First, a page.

It's not necessarily a subject that galleries or institutions kind of look at that straightforwardly. There are a lot of artists that come from different perspectives, I was quite cautious doing this show because there are versions of this show that can come off a bit too on the nose, and I think for me, the interesting thing was to see how we could take this subject and hopefully invite artists who could speak with nuance, who could speak with a certain amount of poetry, or lyricism on the subject. I think you see different expressions of this in all different kinds of shows, but I wanted to gather artists together who I felt had something to say on the subject, and then hopefully create or craft a show that, like I said, speaks with some sensitivity, and some insight, and personal investment on the subject.
Across all the different work, is there any particular element that resonates with you most?
There's one image from Rhianne Clark, which is of her dad, I think, bare-chested, just wearing a pair of shorts, in a front garden. It is beautifully composed as a photo. It speaks to history, speaks to her and her personal connection to him. I think it does a number of things that photography can do, which is to make us think about an empathic connection with that figure, as well as make us think beyond that figure, to the world around them.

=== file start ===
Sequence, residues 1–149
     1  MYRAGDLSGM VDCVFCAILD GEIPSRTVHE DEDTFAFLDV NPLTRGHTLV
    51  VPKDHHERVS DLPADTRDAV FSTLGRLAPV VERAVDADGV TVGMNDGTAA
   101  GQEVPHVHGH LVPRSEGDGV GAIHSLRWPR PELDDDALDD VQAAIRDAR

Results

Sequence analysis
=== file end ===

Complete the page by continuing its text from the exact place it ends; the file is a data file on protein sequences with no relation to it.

What I love about exhibitions is that they tell us stories and they allow us to put ourselves in the position of the person in that image, but they also make us think about the society around the society around that. There's a joy in being able to do all those things, to be able to think in those bigger terms.
All of the work in this exhibition speaks really powerfully and compellingly of what it feels like to belong to more than one place, what it feels like to have a sort of familial, collective or cultural memory that extends back beyond your own direct experience. And how you can sort of articulate all that kind of complexity in ways that are empathic.
Can you feel a noticeable change in the work of artists today vs. those that created work 30-40 years ago?
Yeah, I mean, I think the distinction is, if we look back over decades, what you're seeing is a distinction from say an earlier generation of photographers especially. Let's say someone like Vanley Burke, who was a key black photographer, still working today but had his heyday in the 70s. If we look back then, a lot of this is reportage of a black generation trying to find their place in society. The distinction now is that many of these photographers were born here, and there's less of a consciousness of “where am I and do I belong?” and there's a much greater sense of “what does belonging actually feel like, what does Britain itself feel like?” We're not on the outside battling to be recognised, we're on the inside articulating how we feel, and articulating as a consequence how Britain itself is changing.
‘Kaleidoscope: Immigration and Modern Britain’ runs until 8 September 2019 at Somerset House. Entrance is free.